I believe there is no better way to set young people up for success than by teaching them arts in school. I have learned the most important life lessons from my time spent in the dance studio - about time management, about the process of learning and refining a craft, and about pushing my limits to go beyond where I think I am capable of being. As the article states, art is fundamentally about a growth process, because it's not like you can slap a letter grade on a tendu. Instead, you work each day to understand how your feet move across the floor to create a specific shape, which ultimately enables greater movement built from this fundamental concept. The phrase "practice makes permanent" is one I have heard before in dance, and it relates the idea that when you ignore the process of making something better, you are essentially an unwanted result. It is much better to fail a thousand times than to spend those thousand times doing something wrong over and over because you don't care enough to fight for the integrity of the work.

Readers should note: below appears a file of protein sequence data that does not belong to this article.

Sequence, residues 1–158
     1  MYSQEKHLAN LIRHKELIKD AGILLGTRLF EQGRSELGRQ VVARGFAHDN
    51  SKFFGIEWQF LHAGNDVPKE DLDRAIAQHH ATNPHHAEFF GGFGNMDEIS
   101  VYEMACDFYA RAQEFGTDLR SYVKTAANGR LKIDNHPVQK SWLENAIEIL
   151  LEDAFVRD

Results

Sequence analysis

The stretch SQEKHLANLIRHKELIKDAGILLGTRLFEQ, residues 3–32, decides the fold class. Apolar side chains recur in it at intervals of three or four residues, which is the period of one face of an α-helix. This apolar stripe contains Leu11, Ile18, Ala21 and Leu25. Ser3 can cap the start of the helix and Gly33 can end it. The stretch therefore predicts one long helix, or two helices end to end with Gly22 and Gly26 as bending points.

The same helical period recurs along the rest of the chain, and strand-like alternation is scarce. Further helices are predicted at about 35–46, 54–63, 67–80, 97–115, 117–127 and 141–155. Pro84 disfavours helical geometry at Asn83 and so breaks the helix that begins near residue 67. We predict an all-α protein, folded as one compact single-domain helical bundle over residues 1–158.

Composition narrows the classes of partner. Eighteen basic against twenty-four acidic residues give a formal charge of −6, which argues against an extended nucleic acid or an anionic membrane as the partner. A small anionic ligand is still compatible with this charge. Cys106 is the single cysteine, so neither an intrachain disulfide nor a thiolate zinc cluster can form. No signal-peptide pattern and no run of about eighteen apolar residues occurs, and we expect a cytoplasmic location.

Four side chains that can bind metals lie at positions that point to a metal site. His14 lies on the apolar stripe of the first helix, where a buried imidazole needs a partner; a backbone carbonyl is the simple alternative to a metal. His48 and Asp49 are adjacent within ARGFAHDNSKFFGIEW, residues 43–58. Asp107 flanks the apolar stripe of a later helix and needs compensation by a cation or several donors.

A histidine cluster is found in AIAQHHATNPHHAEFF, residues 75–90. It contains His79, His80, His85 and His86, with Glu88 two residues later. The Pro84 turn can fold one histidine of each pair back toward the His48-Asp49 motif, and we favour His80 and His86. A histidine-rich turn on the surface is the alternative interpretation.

Rejection is an inevitable part of life - we are all bound to go after something that we will not end up being accepted into. As an artist, this can often feel very personal. It is one thing to apply for a ho-hum type of job and list your education and credentials, and quite another to apply for a job by sharing the unique part of yourself that arises from the need to create art and put it out into the world. You make yourself very vulnerable when you share your art with others, and that is my theory as to why rejection in the artistic world hurts so much. Guy Winch's article explores why rejection in general is so difficult for us to process, and it was interesting to read that we experience rejection in the same way we experience physical pain (meaning that the same region of our brain lights up in these two types of scenarios). Winch also talks about how we tend to kick ourselves when we are already down, which I am certainly guilty of. Recently I read an amazing book called "Thinking my Way to Victory," and since then I have focused on approaching situations, however negative they may appear, with a positive mindset. Winch also provides strategies to help reframe mindset, which I believe is very important in moving forward positively and productively.
Headstand Cat. Source: Growth Mindset and Feedback Cats